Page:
Strong forestry sector essential for future

Strong forestry sector essential for future


One of the foundations of our industry’s success is a stable supply of timber. Right now, the two most important ingredients of ensuring a stable supply is a trade deal with the EU and supporting the long-term growth of our domestic forestry sector.

Unfortunately, as shown by a report released by CONFOR yesterday, the planting of conifers has plummeted since the 70s – from 40,000+ hectares per year in 1971 to just 5,000 hectares in 2017. There are several factors which have contributed to this decline, but one sticking point has been the impact of managed forests on biodiversity.

Some environmentalists and politicians have rabidly opposed further plantations out of concerns about the impact of these forests on native wildlife. However, sustainable forest management practices have drastically improved since the turn of the century and these forests have become contributors to preserving biodiversity, whether by buffering biodiversity-rich ancient woodland or providing species corridors. CONFOR’s new report, Biodiversity Forestry and Wood, makes this clear through a combination of research and case studies aimed at dispelling some of the myths which accompany managed forests.

If the UK is to achieve Net Zero by 2050, the forestry and timber sectors will be essential, and this means supporting the continuing restoration of UK’s ancient woodlands and the long-term growth of our own commercial forestry sector.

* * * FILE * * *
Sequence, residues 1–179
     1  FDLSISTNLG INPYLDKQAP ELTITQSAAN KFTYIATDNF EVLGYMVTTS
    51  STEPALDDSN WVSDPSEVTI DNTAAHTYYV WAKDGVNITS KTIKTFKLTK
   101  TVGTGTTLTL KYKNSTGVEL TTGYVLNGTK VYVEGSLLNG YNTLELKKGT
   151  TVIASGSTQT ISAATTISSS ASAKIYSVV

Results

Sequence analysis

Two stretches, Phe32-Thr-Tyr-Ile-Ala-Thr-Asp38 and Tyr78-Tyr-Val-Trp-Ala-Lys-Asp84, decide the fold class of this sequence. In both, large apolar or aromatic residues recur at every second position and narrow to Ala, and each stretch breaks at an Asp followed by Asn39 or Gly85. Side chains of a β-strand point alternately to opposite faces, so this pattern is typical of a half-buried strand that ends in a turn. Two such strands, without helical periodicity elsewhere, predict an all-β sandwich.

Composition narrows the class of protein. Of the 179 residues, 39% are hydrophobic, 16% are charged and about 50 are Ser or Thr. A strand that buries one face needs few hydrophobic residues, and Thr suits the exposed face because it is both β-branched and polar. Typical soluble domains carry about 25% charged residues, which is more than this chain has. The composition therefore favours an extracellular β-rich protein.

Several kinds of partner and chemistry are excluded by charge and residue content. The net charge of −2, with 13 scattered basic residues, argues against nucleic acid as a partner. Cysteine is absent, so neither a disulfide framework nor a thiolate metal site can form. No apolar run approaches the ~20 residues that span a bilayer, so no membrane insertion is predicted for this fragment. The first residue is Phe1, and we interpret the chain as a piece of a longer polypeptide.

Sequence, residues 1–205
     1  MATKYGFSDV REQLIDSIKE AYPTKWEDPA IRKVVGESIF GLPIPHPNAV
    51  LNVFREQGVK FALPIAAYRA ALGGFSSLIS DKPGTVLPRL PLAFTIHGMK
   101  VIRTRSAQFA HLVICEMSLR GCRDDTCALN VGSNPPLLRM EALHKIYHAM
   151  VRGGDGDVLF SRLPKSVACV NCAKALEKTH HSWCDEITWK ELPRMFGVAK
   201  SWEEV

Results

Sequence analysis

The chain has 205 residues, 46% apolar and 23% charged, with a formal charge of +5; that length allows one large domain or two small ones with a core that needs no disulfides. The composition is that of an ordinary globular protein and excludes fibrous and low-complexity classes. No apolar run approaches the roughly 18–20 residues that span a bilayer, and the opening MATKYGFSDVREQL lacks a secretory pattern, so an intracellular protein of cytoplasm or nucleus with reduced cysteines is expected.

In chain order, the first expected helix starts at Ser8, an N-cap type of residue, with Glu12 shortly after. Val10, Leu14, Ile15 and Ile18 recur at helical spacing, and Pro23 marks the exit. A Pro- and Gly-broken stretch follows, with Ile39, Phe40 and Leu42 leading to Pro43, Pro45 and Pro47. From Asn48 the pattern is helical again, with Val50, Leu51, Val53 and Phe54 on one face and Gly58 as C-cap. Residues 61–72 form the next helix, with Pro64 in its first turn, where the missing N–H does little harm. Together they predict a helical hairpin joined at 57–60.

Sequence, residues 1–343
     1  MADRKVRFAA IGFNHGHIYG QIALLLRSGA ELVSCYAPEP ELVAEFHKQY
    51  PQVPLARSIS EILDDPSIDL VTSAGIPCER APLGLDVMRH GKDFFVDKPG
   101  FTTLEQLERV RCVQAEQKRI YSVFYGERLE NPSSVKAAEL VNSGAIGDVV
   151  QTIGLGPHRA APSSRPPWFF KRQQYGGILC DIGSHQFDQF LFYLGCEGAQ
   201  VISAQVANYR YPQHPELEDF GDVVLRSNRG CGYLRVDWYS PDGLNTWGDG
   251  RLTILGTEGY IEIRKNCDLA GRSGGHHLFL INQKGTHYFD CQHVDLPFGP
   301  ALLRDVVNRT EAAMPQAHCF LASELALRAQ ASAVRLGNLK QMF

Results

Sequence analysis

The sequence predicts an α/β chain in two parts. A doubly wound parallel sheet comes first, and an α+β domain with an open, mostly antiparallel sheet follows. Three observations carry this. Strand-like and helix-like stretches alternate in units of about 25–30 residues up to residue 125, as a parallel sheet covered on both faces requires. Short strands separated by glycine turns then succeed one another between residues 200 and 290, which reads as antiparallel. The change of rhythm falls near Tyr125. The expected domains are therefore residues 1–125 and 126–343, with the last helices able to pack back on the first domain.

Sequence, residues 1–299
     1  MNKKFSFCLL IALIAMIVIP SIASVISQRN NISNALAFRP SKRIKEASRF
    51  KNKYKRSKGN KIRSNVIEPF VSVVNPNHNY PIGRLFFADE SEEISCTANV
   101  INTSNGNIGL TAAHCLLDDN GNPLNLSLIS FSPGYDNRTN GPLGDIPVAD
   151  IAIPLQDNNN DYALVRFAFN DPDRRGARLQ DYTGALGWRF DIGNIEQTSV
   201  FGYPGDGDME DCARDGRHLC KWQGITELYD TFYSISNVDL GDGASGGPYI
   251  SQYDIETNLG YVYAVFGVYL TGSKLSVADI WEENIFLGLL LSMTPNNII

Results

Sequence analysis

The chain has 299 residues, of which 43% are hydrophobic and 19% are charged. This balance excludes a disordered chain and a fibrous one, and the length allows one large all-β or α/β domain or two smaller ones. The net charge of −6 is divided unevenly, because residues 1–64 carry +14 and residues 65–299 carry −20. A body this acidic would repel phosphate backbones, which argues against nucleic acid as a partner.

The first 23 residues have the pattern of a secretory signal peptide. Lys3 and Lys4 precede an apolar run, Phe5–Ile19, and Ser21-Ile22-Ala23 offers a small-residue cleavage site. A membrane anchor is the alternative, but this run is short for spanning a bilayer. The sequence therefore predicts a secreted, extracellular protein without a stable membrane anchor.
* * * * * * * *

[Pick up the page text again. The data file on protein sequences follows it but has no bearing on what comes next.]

Of course, given these tree planting levels, the UK will remain a net importer of timber for the foreseeable future, and this makes it even more essential that the Government fulfills its pledge to secure a trade deal with the core source of most of the softwood used in construction in the UK – the EU.

It is worth continuing to pay close attention to our neighbours, and today’s big news was that after five days of intensive talks the EU has formally announced a landmark €750bn bailout agreement between the 27-member group. This includes €360bn in loans and €390bn in grants that would not need to be repaid by beneficiary countries – figures which dwarf the UK response.

European Commission President von der Leyen stated that the bail out will power a new ‘European Green Deal’ and accelerate the digitalisation of Europe’s economy. The group also announced their €1tn seven-year budget. While researchers, politicians and think tanks will be picking through the details as they come forward, both in terms of what it means for the political future and industry of the EU, we must do the same – particularly with a trade deal still to be finalised.

In the mean time, I encourage all to join us in advocating for greater forest planting in the UK and a trade agreement which will allow our industry to continue to flourish.

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